The Note 3 comes with Android 4.3 (necessary for connecting to the Galaxy Gear series), but the OS doesn’t seem that much different from Android 4.2 on the Note II. There are a few behind-the-scenes changes, but nothing spectacular. The real difference is the S-Pen functionality and some changes in the Samsung apps.
The international updating of the Note 3 to Android 4.4 (KitKat) has already begun, as has the US updating (Sprint was the first off the block with T-Mobile following). Eventually AT&T and Verizon will release their updates, but the question is more along the lines of a general update cycle – i.e. how long will Samsung support the Note 3 and provide steady updates? Considering the processor (2.3 GHz quad-core), RAM (3 GB), and how often they’ve updated previous devices (based on a couple different reports it seems that the S III will be the oldest model to receive Android 4.4; it was released in Summer 2012 on Android 4.0), it would be safe to assume that the Note 3 will have at least a 2-year update cycle, lasting until Fall 2015 (of course, that depends on what Android versions are released at what time).
You can now bring up a slick, five-part menu when you hold the stylus close to the screen and press the stylus button. This is called Air Command, and the options are Action Memo, Scrapbook, Screen Write, S Finder, and Pen Window.
While I checked out all the options, the two I particularly enjoyed were Pen Window and Screen Write. Pen Window enables you to, at any time, draw a box on the screen with the stylus and bring up another app within that window. For example, you could be taking a note and bring up the Internet app to check something, or the Calculator to do some quick math. Screen Write lets you write on the screen and save the whole thing as a sort of custom screenshot. Both worked well in my testing.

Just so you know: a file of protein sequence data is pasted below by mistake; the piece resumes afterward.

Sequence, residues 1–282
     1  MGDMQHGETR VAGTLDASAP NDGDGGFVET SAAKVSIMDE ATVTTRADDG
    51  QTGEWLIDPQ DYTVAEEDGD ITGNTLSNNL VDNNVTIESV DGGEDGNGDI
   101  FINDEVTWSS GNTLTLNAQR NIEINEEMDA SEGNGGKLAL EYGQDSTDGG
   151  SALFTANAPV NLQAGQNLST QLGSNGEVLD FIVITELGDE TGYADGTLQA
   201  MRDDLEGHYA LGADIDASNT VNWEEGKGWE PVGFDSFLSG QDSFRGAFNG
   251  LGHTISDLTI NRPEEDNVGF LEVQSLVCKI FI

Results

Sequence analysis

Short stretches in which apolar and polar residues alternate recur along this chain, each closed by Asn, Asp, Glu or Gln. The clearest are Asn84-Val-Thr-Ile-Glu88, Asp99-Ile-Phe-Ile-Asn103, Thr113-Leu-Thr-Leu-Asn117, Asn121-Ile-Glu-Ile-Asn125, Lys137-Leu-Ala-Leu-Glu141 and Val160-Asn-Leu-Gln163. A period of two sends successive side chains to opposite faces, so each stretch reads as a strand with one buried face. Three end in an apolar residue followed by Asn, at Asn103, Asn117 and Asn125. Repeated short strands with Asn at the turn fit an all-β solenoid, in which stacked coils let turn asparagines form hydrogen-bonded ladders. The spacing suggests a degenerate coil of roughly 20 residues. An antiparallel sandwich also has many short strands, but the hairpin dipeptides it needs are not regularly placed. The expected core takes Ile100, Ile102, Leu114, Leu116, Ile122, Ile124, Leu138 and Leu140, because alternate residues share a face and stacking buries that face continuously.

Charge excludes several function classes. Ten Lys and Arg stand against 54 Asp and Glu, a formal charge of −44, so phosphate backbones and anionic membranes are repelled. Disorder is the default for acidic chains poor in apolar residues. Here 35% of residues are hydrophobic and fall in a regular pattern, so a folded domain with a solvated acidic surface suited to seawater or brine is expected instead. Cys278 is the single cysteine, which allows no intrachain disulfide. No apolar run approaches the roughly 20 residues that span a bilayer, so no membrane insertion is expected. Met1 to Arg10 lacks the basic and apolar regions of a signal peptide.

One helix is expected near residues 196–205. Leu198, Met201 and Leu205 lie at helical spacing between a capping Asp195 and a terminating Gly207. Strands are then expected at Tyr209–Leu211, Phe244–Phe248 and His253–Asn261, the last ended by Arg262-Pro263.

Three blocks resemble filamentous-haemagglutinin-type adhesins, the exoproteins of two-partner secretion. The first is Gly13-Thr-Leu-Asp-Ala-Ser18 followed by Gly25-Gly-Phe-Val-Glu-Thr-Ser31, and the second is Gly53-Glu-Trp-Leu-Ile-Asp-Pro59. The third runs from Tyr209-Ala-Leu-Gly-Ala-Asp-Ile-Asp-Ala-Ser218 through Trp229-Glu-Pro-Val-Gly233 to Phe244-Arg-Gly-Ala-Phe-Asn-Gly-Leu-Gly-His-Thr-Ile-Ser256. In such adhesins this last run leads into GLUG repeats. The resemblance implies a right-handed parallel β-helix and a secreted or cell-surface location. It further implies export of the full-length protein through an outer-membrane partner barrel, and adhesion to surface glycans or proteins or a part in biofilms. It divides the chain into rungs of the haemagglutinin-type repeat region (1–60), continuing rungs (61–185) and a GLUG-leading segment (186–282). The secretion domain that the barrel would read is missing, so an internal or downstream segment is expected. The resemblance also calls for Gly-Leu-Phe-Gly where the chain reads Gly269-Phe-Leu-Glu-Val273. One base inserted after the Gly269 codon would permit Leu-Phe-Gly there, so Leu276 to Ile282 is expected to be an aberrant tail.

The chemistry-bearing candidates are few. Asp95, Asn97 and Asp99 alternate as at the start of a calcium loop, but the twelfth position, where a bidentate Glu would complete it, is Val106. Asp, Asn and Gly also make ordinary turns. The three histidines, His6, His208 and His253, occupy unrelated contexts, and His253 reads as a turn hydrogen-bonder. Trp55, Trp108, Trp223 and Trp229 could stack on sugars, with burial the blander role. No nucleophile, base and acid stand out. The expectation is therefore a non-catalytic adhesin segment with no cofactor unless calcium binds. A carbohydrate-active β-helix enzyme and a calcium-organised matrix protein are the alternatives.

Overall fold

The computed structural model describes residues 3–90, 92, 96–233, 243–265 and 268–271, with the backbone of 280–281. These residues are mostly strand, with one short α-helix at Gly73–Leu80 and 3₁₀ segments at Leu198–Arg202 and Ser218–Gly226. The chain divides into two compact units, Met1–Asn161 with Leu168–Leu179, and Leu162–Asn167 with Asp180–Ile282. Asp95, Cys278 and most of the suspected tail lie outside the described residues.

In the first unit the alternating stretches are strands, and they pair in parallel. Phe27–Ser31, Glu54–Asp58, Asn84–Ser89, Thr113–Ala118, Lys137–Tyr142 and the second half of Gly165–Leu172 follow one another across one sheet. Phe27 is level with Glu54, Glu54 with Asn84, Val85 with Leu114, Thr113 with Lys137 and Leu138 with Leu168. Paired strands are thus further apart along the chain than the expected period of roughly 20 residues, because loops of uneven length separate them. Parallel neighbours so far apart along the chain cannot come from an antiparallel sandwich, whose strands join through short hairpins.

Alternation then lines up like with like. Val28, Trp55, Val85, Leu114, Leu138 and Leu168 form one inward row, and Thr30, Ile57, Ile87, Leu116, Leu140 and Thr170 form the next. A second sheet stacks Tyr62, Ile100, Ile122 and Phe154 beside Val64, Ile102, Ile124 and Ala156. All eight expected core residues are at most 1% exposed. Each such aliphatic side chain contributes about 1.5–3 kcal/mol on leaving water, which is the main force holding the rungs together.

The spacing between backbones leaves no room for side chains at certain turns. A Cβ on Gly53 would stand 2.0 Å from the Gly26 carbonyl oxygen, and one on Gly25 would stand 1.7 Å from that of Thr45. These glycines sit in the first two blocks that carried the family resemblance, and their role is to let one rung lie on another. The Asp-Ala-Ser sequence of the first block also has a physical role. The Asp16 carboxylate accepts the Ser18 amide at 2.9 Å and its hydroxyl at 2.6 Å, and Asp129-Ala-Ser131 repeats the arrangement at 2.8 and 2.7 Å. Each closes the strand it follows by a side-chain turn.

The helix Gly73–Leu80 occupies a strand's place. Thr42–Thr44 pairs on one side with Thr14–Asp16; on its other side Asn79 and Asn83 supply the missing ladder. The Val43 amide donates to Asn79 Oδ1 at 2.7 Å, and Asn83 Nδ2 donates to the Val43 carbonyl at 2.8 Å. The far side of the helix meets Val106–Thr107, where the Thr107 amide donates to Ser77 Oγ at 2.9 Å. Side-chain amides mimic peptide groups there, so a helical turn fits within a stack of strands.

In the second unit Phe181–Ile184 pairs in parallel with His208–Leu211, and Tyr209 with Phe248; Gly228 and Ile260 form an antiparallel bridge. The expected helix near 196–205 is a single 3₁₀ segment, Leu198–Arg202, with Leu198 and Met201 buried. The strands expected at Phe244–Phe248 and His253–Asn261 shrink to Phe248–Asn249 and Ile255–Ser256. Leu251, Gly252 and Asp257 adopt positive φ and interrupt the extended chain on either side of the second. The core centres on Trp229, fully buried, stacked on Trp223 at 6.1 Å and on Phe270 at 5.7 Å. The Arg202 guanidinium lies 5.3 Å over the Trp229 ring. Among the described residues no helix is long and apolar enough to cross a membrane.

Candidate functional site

The Camera in the Note 3 is pretty decent. While not up to par with the Nokia Lumia 1020 (not much else is), the 13 MP rear camera is a slight improvement over the 8 MP camera on the Note II (not just in resolution, but in overall quality as well; see the comparison below).
Note 3 main (rear) camera pictures:
Gear camera pictures (also viewable in our Gear review):
Call quality and data signal
Call quality of the Note 3 is superb. Volume on the handset is easily adjusted and plenty loud enough to hear the other party over outside noise. The mic is crystal clear and the noise canceling microphones around the exterior do a great job masking and removing the unwanted noise from wherever you’re calling from.
I never ran into any connectivity issues with 4G or Wi-Fi data signals; however, it is worth noting that I did notice the speeds to be lower than other devices. This is strange because of how fast Verizon’s 4G network usually is, and my Wi-Fi is far from sluggish. It just took the Note 3 longer to load web pages and YouTube videos than my tablet or Galaxy S over the same connection.
The whopping 3200 mAh battery behind the stylish back plate mentioned earlier provides ample longevity for the use of the Note 3. I found that it would easily survive an entire day of emails, twitter, Reddit, SMS, and phone calls, and would even continue on through about half of the next day as well. This is very good news to those who use their devices as alarm clocks, as sometimes we do forget to plug them in at the end of a long day. But the Note 3 is there to wake you up in the morning like a loyal dog.